Automotive textile manufacturer recovers major energy savings from compressor waste heat
Wilrijk, July 2014. Automotive textile manufacturer Autofil Worldwide has achieved average cost savings of £ 37,000 a year and reduced annual CO2 emissions by 260,000 tonnes by adopting Atlas Copco’s energy recovery technology.
The primary manufacturing operations at Autofil’s plant require a substantial volume of compressed air, which is supplied via an Atlas Copco system. The system is controlled by an ES 360 optimiser, and comprises 12 compressors, including three GA 160+ units and a GA 250 compressor connected to a stand-alone ER-S5 energy recovery unit. As well as the considerable demand for compressed air on site, the dyeing processing has an equally large requirement for process hot water. A 50,000 litre tank stores water for several dyeing process operations in the factory and the by-product heat from the GA 250 compressor is used to pre-heat this water to around 50°C, rather than relying on additional gas power to heat it at point of use.
Recovering more than 1.4 million KWh of energy a year
This is made possible by the ER-S5 energy recovery unit, whereby hot oil from the compressor’s air end is diverted through a stainless steel plate heat exchanger. Heat from the oil is transferred to cool water on the opposite side of the exchanger, producing a continuous flow of hot water from the ER outlet. The water circuit between the tank and ER unit takes cooler water and replaces it with the heated water. After a few hours, this circuit reaches its optimum inlet/outlet temperature: inlet water from the top of the tank to the ER at +/- 30°C; outlet water fed back from the ER to the bottom of the tank at +/-55°C, achieving a temperature rise of 25°C. Based on the compressor running for 8,424 hours per year, the combination of the GA 250 and ER-S5 unit is recovering more than 1.4 million KWh of energy a year. The savings are self-evident: to increase the temperature of the same amount of water with a gas-fuelled heating source would have cost Autofil £37,096 annually and would have generated 260,000 tonnes of CO2.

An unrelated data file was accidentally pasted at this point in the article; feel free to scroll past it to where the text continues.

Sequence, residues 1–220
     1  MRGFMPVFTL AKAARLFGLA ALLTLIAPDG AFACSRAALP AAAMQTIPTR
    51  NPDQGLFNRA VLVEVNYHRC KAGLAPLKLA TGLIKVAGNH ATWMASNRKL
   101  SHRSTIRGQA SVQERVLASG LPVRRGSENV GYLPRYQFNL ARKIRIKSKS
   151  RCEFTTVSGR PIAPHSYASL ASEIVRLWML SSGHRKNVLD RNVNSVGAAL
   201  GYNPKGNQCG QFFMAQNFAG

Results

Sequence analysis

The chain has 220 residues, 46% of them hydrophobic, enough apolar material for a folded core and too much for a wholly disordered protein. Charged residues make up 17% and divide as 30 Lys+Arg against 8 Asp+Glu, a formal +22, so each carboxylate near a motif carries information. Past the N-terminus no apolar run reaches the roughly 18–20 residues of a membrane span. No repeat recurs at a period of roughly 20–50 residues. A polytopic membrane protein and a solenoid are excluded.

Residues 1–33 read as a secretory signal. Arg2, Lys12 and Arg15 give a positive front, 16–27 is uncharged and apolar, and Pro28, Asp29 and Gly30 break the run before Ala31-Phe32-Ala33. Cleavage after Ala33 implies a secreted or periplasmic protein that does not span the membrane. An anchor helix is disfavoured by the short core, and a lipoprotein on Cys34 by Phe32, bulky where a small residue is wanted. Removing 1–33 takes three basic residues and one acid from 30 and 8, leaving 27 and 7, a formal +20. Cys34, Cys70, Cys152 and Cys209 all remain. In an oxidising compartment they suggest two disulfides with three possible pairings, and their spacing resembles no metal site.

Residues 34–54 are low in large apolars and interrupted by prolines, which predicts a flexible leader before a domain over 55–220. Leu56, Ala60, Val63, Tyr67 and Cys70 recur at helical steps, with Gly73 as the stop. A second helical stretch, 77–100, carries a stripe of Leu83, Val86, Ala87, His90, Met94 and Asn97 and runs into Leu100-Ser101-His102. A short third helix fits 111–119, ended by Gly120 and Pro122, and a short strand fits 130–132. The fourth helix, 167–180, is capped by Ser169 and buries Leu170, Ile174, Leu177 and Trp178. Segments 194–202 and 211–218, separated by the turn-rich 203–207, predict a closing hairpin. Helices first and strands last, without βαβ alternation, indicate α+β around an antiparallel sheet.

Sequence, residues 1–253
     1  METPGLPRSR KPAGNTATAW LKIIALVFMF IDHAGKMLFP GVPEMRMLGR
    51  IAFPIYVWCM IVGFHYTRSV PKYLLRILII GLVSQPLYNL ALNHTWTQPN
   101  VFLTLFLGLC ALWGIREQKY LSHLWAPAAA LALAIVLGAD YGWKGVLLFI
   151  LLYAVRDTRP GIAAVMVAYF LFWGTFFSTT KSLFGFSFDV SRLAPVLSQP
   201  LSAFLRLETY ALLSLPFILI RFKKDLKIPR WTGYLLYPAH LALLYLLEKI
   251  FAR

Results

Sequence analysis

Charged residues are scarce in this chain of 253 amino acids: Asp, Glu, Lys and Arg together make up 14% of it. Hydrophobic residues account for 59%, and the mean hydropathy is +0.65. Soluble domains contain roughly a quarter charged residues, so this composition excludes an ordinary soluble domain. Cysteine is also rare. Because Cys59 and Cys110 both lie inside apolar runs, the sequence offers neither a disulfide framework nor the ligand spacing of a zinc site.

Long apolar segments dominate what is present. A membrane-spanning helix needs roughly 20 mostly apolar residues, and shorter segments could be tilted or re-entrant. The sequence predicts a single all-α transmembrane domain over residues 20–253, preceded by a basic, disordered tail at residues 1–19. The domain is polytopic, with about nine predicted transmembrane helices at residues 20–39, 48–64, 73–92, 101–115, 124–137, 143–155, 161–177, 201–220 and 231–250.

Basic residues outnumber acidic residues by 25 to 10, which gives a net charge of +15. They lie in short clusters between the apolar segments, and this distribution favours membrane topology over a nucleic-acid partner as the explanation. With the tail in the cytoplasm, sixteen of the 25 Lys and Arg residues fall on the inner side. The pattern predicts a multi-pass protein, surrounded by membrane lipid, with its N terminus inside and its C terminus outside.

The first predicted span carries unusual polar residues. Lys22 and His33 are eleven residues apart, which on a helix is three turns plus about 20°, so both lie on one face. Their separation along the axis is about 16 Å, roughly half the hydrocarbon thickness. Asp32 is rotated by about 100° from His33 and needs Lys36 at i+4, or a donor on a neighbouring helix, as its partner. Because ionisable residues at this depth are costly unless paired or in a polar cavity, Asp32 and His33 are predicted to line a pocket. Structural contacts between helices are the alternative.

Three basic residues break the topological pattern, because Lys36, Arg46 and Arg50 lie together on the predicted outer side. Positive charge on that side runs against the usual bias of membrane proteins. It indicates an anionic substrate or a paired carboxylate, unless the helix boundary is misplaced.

Commenting on this substantial reduction in his company’s carbon footprint, Steve Charlton, Autofil’s Engineering and IT Manager, said: “We are an energy conscious company and constantly strive for improved efficiency and energy saving solutions in the way we run our operations. Atlas Copco’s Compressor Technique Service team have been able to provide sustainable energy-saving solutions over recent years to help us reduce our compressed air energy consumption, notably the introduction of their ES 360 optimiser controller which matches supply to demand, allowing us a 360 degree visualisation of the compressed air installation in terms of pressure, supply and demand. Now, we have added an energy recovery unit to further optimise the installation.”
For further information please contact:
- Michael Gaar, PR Coordinator, Telephone: +32 (0) 3 750 80 88, e-mail: Michael.email@example.com
- Joanna Canton Long, Marketing Communications Manager, Atlas Copco Compressors +44 (0)1442 222240 or firstname.lastname@example.org
Atlas Copco is a world-leading provider of sustainable productivity solutions. The Group serves customers with innovative compressors, vacuum solutions and air treatment systems, construction and mining equipment, power tools and assembly systems. Atlas Copco develops products and service focused on productivity, energy efficiency, safety and ergonomics. The company was founded in 1873, is based in Stockholm, Sweden, and has a global reach spanning more than 180 countries. In 2013, Atlas Copco had revenues of BSEK 84 (BEUR 9.7) and more than 40 000 employees.
Atlas Copco’s Compressor Technique business area provides industrial compressors, vacuum solutions, gas and process compressors and expanders, air and gas treatment equipment and air management systems. The business area has a global service network and innovates for sustainable productivity in the manufacturing, oil and gas, and process industries. Principal product development and manufacturing units are located in Belgium, Germany, the United States, China and India.